So when I did I have my life together? I’m not sure what “together” looks like. But I know I am living my life and that, in and of itself, is enough.

For a long time it seemed to me that life was about to begin – real life. But there was always some obstacle in the way, something to be gotten through first, some unfinished business, time still to be served, a debt to be paid. At last it dawned on me that these obstacles were my life. . . . So treasure every moment you have and remember that time waits for no one. – Alfred D’Souza

Maribor, Slovenia – January 2020

Meet Me Halfway

It’s a conversation better left un-had and it goes something like this:

“We missed you at the party last night.”
“Yeah, I would have liked to have been there.”
“You could have come.”
“I wasn’t invited.”
“Well, it wasn’t at a time that was really convenient for you anyway.”
“I could have moved things around, or you could have moved the party an hour.”
“We didn’t think you’d want to, and someone else was in charge of organizing. But you should have said something when you found about it.”
“But I wasn’t invited.”
“Don’t worry, it really wasn’t that much fun anyway.”

The point is not that the party wasn’t fun or that I couldn’t be there. The point is that nobody thought to ask. Nobody in the group of nearly two dozen people in two countries thought that the person farthest away, completely separated from everyone else due to the pandemic, might have wanted to be involved. And even if there was a momentary glimmer of thought, nobody spoke up and nobody asked.

It’s a little bit like the time several years ago when I heard through a friend that another friend was mad at me for not attending her wedding. My response was one of genuine amazement for I hadn’t been invited. Likely, I hadn’t been invited because I live overseas and the wedding was at a time when I could not have feasibly gone. But to be mad at me? If she wanted me to be there, she could have gotten married a month earlier when I was there, just like another friend did. Or she could have invited me and let me work it out. If you’re going to make a choice, at least own the choice.

And likewise, give me the chance to do the same.

A different example: Last November, a friend planned a birthday party over Zoom. She sent me the invitation and wrote, “I know you can’t be there but I wanted to invite you anyway.” I called as she was setting up and wished her a happy birthday and fun party. It really can be that simple to do the good thing.

The issue weighing on my mind is that people don’t think. They don’t think beyond what is immediately in front of them. And I don’t know why.

As a friend said over tea yesterday when I was agonizing over this for the second day in a row, “Just because we think about them all the time doesn’t mean they’re as focused on us.” This seems accurate. Having not seen my family in nearly two years because of the pandemic, and with the need to make decisions about my next move far too soon with so many variables in flux, I think about my family all the time. They are not together in the same place or even the same country, but they have time in common and I do not. This is why I make phone calls before work. This is why I watch the calendar and count hours to get everyone’s birthdays right in their time zone. This is why I send emails just to say hello.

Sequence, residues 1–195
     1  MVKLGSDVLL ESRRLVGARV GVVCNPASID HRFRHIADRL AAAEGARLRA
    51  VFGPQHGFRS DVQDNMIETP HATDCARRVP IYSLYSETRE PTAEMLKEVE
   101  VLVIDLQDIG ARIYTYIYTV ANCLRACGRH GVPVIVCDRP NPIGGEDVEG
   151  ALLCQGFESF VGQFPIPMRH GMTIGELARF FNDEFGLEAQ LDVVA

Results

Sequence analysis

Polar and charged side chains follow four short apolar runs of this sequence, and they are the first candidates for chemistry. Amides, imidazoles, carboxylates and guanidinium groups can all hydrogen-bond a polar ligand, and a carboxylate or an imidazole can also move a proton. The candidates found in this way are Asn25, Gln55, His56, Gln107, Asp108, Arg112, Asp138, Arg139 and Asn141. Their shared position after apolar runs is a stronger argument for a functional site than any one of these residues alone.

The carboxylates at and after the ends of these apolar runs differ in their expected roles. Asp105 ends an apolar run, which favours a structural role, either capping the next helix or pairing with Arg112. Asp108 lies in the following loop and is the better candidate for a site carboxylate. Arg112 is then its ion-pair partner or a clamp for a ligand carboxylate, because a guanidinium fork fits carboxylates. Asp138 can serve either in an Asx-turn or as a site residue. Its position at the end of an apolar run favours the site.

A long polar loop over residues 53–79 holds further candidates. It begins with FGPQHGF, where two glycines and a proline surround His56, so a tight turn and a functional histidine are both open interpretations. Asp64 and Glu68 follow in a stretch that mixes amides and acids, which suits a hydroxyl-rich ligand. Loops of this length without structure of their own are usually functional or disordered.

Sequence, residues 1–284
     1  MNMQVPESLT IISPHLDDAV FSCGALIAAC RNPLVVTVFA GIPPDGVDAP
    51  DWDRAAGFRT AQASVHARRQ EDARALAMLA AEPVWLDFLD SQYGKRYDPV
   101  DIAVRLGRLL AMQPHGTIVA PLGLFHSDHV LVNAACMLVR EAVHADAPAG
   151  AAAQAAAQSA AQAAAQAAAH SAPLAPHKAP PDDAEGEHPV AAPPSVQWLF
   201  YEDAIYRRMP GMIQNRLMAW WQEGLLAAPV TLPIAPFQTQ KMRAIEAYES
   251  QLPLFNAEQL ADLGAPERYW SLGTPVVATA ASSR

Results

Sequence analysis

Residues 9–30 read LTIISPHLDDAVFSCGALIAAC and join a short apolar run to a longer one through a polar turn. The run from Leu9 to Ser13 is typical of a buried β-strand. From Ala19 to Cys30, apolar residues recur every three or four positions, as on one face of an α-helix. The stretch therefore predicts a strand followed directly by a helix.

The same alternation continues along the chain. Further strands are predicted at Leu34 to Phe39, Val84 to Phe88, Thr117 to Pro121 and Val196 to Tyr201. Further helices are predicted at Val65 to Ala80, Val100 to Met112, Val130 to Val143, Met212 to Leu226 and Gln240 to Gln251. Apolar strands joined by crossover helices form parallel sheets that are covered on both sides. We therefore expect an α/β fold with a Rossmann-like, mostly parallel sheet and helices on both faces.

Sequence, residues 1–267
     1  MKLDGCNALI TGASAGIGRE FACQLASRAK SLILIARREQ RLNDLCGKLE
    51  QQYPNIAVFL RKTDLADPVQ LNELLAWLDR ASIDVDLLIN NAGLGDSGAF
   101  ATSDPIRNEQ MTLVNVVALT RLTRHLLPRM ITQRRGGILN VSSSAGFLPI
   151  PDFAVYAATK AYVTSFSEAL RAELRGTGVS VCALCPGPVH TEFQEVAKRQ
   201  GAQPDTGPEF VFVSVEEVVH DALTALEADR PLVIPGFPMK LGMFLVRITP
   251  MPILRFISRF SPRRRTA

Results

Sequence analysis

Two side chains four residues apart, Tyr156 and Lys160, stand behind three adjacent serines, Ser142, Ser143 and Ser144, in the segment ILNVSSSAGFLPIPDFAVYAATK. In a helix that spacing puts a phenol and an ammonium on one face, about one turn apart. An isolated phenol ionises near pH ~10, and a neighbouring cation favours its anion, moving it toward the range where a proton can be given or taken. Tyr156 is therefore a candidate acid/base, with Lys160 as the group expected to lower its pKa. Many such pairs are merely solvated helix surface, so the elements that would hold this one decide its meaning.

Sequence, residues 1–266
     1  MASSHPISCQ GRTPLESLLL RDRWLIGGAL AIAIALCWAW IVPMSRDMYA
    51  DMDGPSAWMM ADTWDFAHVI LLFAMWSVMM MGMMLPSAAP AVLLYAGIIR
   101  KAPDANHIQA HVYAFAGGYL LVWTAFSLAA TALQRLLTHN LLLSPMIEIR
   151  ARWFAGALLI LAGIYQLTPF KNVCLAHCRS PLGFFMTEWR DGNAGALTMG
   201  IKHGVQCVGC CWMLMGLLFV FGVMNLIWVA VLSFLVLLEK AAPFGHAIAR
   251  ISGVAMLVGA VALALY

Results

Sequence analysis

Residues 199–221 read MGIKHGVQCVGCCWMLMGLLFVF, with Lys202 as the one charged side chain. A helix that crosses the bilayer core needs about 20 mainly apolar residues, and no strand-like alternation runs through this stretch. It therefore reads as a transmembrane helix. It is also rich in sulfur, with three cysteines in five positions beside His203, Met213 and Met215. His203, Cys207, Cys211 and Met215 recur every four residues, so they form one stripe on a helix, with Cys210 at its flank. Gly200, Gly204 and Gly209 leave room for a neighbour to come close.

When I first moved overseas, a friend had her watch set for the time in Glasgow, seven hours behind us in Malaysia. I asked why and she said that even after four years of living away, she had never stopped thinking about what her family were doing.

I have never been an adherent of “absence makes the heart grow fonder”, and I fully understand the power of the contrary. However, I know a little bit about the power of shared experiences. People who spend time together deepen the connections they have with one another. This is among the reasons experiential education brings people together. This is why a late-night conversation is so often a turning point in a friendship or romantic relationship. When we no longer have things in common, it is easier drift apart. Our conversations remain superficial and it is easy to grow disinterested or disengaged. It is already difficult to maintain a sense of connection through text messages, email, and too-short phone calls. It is impossible when we are so used to others not being there that we neglect to include them at all.

It seems fitting here to mention the exceptions. I am very lucky to have friends with whom I can pick up after months of no contact, and it will feel like we last saw each other the day before. This is possible because our relationship was forged through years of shared experiences. In that sense, we have a reserve of togetherness that allows us to maintain close ties. We have done the hard work of becoming and staying friends, and this is significant. The bonds exist because we took the time and energy to build them. Exclusion does not allow for this, and so the cycle continues.

I wonder where this leaves us as humans. Are we so fixated on the present that we are unable to ask questions that look beyond? Are we too focused on feeling good about ourselves to remember that our choices impact others? How is it that we are so certain of our own wants and needs that we fail to consider that the wants and needs of others might differ? And do we make choices along the way that take away others’ ability to make choices of their own?

By no means do I need anyone to make allowances for the fact that I live on a different continent in a very different time zone from all family and many friends. This is an unreasonable onus and I understand that. But is it really so hard to meet me halfway? Is it really so hard to hold out your hand and ask?

Leoben, Austria – January 2020